In Caldwell’s vision Europe’s welfare states have been succouring alien intruders: as the native population grows in age and declines in proportion to immigrants, so the value they add to the “social market” economy by contributing to its welfare systems is eroded by their claims on benefits. In Spain for example, the Harvard economist Martin Feldstein has predicted that the ratio of workers to retirees, currently 4.5:1, will fall to 2:1 by 2050. In Britain the Office of National Statistics predicts a population increase of ten million people—two thirds of them immigrants or their children—over the next quarter-century, with the number of people aged eighty-five and over expected to double. For Caldwell the short-term relief that immigrants bring to the welfare state is unlikely to match their longer-term claims on it:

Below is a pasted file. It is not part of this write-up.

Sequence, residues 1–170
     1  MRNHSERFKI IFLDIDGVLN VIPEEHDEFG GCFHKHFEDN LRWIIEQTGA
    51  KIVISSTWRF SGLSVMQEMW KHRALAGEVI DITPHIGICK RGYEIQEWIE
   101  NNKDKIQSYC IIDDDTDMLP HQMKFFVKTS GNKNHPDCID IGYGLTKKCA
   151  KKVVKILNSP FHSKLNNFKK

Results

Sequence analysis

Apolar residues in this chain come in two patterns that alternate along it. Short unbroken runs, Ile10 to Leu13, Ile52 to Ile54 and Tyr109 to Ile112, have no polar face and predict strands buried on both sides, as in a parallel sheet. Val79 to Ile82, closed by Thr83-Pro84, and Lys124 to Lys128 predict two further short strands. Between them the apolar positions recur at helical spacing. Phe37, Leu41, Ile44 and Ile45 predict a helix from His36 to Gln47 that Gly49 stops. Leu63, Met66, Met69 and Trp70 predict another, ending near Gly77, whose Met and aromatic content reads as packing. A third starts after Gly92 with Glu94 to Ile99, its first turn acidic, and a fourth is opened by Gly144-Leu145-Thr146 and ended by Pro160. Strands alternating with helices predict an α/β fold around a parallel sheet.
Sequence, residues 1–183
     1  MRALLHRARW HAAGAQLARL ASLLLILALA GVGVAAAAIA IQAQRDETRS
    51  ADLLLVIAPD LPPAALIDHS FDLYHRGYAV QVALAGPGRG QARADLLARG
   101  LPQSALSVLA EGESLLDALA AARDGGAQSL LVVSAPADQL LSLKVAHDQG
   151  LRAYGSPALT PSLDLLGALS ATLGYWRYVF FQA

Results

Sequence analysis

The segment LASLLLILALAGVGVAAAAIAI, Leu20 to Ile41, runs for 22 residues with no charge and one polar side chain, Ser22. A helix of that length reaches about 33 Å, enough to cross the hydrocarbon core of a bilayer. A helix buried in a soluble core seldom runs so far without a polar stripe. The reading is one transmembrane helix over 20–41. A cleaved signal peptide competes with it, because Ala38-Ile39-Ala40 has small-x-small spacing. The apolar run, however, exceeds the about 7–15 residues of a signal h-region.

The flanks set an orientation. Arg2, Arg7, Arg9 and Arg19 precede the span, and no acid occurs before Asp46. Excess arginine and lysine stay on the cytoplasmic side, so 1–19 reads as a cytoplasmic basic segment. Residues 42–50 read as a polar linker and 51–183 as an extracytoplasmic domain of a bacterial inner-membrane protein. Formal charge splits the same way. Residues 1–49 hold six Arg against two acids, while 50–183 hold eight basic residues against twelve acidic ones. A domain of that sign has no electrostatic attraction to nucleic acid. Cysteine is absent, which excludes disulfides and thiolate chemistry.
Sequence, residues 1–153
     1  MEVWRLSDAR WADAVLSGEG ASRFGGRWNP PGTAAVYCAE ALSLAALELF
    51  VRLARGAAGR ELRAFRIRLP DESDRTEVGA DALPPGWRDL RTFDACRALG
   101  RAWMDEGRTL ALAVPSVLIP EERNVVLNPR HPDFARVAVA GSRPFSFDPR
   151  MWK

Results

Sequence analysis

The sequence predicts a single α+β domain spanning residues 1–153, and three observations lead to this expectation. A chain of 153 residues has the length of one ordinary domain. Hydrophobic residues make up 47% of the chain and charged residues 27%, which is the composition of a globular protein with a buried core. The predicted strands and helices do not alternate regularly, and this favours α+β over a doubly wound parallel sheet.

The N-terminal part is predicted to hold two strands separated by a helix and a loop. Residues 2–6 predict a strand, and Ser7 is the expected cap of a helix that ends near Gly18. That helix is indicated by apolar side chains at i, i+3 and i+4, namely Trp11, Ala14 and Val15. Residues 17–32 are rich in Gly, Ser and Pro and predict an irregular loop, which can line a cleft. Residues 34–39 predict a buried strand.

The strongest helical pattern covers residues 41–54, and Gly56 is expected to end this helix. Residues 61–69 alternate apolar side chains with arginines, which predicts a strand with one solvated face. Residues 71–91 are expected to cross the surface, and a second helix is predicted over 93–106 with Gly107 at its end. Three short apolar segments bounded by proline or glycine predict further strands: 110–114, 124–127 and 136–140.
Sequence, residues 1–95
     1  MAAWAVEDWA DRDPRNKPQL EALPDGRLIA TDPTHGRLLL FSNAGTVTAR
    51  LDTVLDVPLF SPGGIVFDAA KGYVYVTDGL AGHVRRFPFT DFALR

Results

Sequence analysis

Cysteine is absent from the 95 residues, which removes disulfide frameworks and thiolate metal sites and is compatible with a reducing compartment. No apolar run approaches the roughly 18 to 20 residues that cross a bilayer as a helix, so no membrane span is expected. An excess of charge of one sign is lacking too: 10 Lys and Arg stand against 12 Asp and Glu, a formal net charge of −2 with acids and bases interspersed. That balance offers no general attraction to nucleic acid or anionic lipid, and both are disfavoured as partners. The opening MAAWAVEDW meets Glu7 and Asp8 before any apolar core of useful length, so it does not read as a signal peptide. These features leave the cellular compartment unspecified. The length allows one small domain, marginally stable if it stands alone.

Tariq Ramadan
Tariq Ramadan; drawing by John Springs

In the extremely short run, a baby bust such as Europe has undergone can enhance living standards, because it reduces the number of dependents per worker. But in the longer run a reckoning awaits, and the longer run has arrived.

The most egregious examples of Caldwell’s aliens are Muslims, because, as he sees it, they are less susceptible to European cultural influences than other immigrant groups such as Slavs, Sikhs, Hindus, non-Muslim Africans, and African-Caribbeans. He flatly ignores evidence produced by numerous scholars such as Aziz al-Azmeh, Tariq Modood, Philip Lewis, and Jytte Klausen that Muslim identities are shifting to meet changing circumstances, that a majority of younger British Muslims, for example, “share many aspects of popular youth culture with their non-Muslim peers,” and that their problem is not so much with the majority culture as with “traditionally-minded parents who seek, usually unsuccessfully, to limit their access to it.”